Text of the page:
In the first blog of this series I took a close look at the stages a person goes through after a catastrophic injury or new diagnosis, specifically the first stage of denial.
To recap, denial is often the first reaction to a new diagnosis or severe injury. I have told therapists, family members and rehab patients for years -- denial is a beautiful coping mechanism. It takes our brains years to process a life changing event. The key is to listen to the medical professionals about how to care for your body the way it currently is. Most of the time you only get one chance at in-patient rehabilitation, you need to absorb all of the information you can. You may get better in the future, but you need to learn how to take care of your body the way it is in that moment.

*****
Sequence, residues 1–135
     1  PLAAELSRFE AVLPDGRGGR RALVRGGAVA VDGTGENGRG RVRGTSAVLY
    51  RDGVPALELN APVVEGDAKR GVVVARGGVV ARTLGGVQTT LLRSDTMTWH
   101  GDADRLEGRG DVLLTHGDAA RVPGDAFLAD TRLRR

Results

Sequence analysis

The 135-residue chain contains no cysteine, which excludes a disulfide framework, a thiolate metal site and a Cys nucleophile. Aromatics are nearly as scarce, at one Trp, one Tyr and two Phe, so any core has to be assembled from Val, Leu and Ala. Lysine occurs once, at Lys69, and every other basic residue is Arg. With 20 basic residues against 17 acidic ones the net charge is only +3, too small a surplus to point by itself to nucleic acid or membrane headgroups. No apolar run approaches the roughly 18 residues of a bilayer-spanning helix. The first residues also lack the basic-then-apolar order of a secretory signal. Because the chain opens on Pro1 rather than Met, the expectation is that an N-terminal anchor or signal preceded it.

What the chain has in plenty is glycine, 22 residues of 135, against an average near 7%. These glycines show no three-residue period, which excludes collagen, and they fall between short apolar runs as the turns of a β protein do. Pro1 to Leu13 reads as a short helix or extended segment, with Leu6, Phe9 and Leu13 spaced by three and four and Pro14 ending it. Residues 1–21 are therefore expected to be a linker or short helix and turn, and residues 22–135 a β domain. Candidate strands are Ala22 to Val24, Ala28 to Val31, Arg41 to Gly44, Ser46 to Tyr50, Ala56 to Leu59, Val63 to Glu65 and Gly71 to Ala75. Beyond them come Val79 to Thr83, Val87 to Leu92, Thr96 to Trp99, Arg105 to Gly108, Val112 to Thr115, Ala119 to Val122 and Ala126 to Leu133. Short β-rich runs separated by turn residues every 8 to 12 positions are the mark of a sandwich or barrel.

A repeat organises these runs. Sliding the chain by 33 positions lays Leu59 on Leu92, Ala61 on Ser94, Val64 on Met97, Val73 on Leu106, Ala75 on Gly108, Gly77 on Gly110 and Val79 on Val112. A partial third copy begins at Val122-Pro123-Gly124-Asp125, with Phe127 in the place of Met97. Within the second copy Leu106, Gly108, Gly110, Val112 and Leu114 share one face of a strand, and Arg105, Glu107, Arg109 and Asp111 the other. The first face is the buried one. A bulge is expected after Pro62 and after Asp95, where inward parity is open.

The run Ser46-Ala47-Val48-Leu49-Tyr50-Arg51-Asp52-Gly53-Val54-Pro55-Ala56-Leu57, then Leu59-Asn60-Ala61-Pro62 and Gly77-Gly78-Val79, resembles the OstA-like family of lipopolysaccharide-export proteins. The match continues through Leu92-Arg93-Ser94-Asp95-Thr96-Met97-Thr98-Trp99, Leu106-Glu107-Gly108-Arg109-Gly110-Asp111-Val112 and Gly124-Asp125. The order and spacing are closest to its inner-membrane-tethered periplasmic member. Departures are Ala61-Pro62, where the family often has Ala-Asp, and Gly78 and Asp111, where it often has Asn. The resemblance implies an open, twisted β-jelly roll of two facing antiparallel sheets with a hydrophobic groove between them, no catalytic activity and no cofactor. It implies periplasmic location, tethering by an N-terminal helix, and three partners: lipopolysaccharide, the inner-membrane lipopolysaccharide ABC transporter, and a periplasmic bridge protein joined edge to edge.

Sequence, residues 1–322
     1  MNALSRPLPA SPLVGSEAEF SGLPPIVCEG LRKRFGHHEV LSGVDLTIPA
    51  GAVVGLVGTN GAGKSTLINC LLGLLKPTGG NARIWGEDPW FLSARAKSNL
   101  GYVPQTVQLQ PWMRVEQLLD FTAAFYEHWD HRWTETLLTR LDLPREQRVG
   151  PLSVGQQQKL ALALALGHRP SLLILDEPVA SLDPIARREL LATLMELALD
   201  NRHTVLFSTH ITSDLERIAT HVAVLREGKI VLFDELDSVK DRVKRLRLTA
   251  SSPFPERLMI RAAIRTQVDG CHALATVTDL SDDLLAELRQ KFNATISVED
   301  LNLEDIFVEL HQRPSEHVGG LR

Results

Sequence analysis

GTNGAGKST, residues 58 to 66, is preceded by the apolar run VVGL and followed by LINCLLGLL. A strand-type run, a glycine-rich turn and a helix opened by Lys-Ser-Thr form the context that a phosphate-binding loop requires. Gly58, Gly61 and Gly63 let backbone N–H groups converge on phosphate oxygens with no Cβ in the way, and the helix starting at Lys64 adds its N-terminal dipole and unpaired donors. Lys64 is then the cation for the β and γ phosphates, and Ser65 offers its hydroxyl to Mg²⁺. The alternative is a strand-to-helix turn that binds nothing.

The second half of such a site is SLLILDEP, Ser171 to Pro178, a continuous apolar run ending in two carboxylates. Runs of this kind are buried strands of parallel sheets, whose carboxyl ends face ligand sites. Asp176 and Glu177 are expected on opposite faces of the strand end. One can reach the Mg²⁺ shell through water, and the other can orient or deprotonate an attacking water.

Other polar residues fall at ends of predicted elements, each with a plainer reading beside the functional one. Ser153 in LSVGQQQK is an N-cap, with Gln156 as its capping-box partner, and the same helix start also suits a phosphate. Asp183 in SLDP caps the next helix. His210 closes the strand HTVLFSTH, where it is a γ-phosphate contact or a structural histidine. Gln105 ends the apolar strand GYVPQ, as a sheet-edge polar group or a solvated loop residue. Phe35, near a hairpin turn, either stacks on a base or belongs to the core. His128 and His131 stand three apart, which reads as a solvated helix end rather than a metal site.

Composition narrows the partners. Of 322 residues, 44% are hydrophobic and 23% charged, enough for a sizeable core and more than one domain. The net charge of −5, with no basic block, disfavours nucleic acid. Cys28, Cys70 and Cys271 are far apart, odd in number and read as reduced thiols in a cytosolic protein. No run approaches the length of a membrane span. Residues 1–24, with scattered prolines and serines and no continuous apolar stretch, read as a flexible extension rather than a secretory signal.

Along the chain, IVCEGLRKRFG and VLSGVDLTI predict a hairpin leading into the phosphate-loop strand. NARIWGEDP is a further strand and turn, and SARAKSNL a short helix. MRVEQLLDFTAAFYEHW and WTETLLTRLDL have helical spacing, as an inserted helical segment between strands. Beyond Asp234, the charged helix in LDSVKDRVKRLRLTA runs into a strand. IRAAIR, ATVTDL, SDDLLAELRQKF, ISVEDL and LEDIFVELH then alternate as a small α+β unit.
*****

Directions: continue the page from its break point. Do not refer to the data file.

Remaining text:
Stage 2 - Anger

Many times the next stage in the process of grieving the loss of physical ability is anger. After being shot in the back, I thought about the thousands of people who do dangerous things every day and walk away with no injury. There were many kids at LSU using drugs and driving drunk, they all seemed to be fine. It’s hard to admit I was mad they could walk and I had to use a wheelchair. Going back to LSU a semester later all I could see there the thousands of students walking around with not a care in the world.
And after such a drastic life change, I DESERVED TO BE ANGRY! My entire life changed overnight.